Types of interview
Different types of job interview are used in the recruitment and selection process. For large graduate employers you may face different formats of interview at the different stages of the application process. For example a telephone interview, then a 1-2-1 interview and finally a formal panel interview. The various types of interview are explained below.Find out more about types of job interviews
A face-to-face interview is the most traditional and commonly used interview format. Typically, the format is a 1-2-1 interview or a panel of different people. The interview itself could last anything from 30 minutes to 2 hours. In a face-to-face interview you will be asked a number of questions that are usually related to the person specification. Most interviews use a strength or competency based approach.Strength based interviews
A telephone interview is slowly being replaced by the use of video interviewing. However, some companies still make use of a telephone call in the initial stages of their recruitment and selection processes. Telephone interviews are used by employers to filter out applicants before inviting them to a face to face interview or assessment centre. As you can’t see the person on the end of the telephone it’s important to speak clearly and slowly and make sure you still smile and choose a quiet location.Telephone interviews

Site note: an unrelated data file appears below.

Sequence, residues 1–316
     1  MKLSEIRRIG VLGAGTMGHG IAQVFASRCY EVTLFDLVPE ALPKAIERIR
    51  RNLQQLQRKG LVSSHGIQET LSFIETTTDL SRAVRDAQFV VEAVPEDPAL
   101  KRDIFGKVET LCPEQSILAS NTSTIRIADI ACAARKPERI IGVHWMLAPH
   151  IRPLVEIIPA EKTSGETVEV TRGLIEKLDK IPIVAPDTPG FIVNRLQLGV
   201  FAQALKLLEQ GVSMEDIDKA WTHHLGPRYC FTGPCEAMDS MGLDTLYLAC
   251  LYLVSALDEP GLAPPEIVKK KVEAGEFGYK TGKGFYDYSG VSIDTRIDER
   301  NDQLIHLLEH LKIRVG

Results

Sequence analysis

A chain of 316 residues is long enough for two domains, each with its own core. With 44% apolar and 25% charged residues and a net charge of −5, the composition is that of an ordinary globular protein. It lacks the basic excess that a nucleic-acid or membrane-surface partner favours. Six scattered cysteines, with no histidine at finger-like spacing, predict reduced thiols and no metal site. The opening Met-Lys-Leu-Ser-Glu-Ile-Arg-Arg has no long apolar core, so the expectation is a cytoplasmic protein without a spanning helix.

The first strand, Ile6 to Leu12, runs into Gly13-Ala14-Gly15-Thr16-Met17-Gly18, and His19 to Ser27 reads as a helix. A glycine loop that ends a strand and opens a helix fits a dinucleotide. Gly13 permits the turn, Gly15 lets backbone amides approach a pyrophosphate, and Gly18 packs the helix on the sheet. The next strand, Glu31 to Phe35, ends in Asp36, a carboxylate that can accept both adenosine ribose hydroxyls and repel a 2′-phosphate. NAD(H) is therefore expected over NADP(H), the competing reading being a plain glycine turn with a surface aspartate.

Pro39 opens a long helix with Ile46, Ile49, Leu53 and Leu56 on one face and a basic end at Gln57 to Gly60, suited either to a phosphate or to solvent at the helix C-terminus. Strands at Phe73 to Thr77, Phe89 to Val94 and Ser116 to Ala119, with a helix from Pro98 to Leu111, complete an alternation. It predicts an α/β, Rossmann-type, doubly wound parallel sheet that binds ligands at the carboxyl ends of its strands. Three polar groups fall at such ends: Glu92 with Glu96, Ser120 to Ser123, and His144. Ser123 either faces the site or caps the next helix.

According to the Institute of Student Employers, 53% of graduate employers are now using video interviews instead of a telephone interview. Video interviews normally last between 20-40 minutes with 5-10 questions. You might have to participate in a video interview in a pre-recorded or live situation. Use Shortlist.ME to help you practice your video interview technique.More about video interviews
When recruiting a large number of candidates employers commonly use Assessment Centres . They comprise of a number of different tasks which applicants participate in. These can include psychometric tests to group or individual presentations, interviews and group tasks. You can practice psychometric tests using Graduates First.
Take at look at our section on how to prepare for an assessment centre.Advice from Prospects on assessment centres.
Ice breaker/knowledge questions
These are questions which are normally based around yourself and why are you applying to the role based on your motivation and experience to date. You are likely to be asked about your knowledge of the company, sector or industry and the role you are applying for.
- Can you tell me a bit about yourself?
- Why have you applied for this role? What can you tell me about the organisation?
- What are the latest challenges facing the organisation and industry now?
Competency based questions